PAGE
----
In addition to my dissertation and first book project, some of my other key research interests and past projects include:
Asian American history and Asian American agricultural history, particularly Japanese diasporic and transpacific networks in early twentieth-century Californian floriculture
Women's history, wine history, and the politics of the reproductive health in the late twentieth-century U.S.
American state-sponsored bioprospecting in early twentieth-century China
Oral history and community-based history
I also write on contemporary issues and the occassional poem (usually on historical and climate themes):
"To Confront the Climate Crisis, Universities Must Refuse Fossil Fuel Industry Funding," Common Dreams, September 27, 2022: an op-ed I co-wrote with fellow members of groups of alumni, staff, students, and faculty at Stanford and Harvard calling on American universities to reject the unethical influence of fossil fuel industry funding as they launch new climate centers.
"'A basis of permanent peace': twentieth-century lessons of global war and the twenty-first century promise of climate reparations," March 27, 2023: an essay for the Stanford Humanities Center's Arcade open access digital salon connecting some of my research findings to implications for the global politics of climate justice today.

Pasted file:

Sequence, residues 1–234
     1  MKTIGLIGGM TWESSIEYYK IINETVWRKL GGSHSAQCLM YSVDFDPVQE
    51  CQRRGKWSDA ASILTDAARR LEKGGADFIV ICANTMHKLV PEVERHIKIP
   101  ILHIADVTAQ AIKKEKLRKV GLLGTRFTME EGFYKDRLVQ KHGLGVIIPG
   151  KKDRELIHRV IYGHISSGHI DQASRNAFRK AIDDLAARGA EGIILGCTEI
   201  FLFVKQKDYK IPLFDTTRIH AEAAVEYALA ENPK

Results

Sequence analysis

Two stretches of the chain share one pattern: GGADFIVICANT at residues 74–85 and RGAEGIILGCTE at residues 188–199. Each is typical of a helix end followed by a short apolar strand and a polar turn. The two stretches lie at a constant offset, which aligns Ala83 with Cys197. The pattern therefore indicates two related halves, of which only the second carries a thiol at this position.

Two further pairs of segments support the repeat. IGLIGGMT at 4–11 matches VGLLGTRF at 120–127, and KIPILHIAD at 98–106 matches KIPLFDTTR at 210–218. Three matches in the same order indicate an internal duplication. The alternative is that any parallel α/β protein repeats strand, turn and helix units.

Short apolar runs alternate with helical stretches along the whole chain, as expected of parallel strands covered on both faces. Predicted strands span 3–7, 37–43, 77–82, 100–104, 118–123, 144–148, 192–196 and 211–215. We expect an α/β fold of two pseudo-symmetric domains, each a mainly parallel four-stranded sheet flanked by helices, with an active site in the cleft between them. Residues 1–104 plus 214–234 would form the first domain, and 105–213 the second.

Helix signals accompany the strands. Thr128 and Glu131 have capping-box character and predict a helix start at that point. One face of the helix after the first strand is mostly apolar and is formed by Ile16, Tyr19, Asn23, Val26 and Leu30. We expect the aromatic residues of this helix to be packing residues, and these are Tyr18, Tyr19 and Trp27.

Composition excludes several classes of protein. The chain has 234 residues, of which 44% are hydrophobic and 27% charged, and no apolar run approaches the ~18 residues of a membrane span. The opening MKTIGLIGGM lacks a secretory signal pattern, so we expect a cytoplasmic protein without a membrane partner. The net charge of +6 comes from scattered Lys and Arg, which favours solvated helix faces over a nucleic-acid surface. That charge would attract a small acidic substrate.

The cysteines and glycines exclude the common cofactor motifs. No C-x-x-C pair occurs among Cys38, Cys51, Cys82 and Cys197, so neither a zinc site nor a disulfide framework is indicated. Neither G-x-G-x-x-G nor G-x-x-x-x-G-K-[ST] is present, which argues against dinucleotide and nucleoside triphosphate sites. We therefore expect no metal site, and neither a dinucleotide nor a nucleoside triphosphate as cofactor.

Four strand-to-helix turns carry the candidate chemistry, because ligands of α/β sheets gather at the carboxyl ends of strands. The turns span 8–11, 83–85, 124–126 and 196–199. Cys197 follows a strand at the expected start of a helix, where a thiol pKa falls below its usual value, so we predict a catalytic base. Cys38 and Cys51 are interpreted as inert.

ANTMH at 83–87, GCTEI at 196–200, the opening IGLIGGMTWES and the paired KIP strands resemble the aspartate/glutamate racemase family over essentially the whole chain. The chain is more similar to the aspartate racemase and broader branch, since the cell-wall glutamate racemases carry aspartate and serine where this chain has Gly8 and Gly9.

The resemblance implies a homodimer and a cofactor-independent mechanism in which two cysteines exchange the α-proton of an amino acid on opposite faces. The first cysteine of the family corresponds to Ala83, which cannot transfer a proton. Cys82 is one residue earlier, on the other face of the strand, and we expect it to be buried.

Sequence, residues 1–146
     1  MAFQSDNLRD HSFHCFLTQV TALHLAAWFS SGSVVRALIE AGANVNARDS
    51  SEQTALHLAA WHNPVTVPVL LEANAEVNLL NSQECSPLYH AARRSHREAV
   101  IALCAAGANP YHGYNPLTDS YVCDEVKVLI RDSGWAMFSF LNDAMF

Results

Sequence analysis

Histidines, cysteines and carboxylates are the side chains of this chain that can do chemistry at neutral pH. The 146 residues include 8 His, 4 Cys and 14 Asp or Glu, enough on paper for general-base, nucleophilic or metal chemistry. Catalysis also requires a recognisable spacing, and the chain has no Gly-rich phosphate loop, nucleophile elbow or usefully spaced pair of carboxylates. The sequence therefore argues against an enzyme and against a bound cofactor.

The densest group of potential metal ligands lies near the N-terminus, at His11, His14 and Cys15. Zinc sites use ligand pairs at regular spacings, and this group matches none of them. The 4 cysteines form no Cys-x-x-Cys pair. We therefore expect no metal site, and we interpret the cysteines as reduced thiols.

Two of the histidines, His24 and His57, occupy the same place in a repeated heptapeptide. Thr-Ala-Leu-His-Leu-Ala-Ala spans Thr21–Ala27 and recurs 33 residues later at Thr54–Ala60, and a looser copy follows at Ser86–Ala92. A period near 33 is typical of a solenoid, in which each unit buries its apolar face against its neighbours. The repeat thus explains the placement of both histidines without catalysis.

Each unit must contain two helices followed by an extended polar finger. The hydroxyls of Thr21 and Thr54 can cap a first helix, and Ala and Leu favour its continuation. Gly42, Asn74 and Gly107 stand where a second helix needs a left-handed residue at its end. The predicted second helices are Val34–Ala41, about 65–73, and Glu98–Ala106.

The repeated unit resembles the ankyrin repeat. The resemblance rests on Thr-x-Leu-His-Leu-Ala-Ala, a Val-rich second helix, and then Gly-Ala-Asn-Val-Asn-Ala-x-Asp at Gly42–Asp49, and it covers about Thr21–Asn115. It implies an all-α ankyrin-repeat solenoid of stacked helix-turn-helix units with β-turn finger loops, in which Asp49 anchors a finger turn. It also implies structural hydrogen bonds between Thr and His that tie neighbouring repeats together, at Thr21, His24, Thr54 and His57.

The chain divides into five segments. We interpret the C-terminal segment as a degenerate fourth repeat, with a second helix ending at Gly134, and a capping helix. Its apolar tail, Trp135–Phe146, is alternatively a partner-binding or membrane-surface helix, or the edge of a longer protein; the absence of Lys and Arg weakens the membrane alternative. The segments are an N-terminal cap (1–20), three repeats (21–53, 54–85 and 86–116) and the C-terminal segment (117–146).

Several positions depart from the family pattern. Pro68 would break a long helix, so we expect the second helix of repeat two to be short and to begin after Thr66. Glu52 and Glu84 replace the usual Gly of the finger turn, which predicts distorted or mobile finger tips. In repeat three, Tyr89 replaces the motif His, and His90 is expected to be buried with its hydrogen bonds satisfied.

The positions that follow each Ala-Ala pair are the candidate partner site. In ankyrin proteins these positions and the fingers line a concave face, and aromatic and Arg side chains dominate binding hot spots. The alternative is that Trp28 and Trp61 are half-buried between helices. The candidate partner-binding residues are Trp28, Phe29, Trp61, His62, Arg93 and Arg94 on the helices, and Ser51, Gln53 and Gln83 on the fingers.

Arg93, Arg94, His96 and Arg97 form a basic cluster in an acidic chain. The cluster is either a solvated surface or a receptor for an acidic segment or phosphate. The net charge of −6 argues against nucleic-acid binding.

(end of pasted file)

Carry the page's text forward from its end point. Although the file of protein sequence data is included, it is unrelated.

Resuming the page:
"Leaping Through the Centuries," March 27, 2023: a poem published in Strange Horizons on on time-travel, war, and Emily Dickinson (among other themes)
Delicious poricinis found while mushroom foraging with my husband in northern California, December 2019. Historical research reminds me of foraging and vice versa: informed searching punctuated by the thrill of uncovering something spectacular and improving pattern recognition over time in the layered, complex beauty of a forest or an archive. Foragers call refining this sort of pattern recognition mushroom eyes.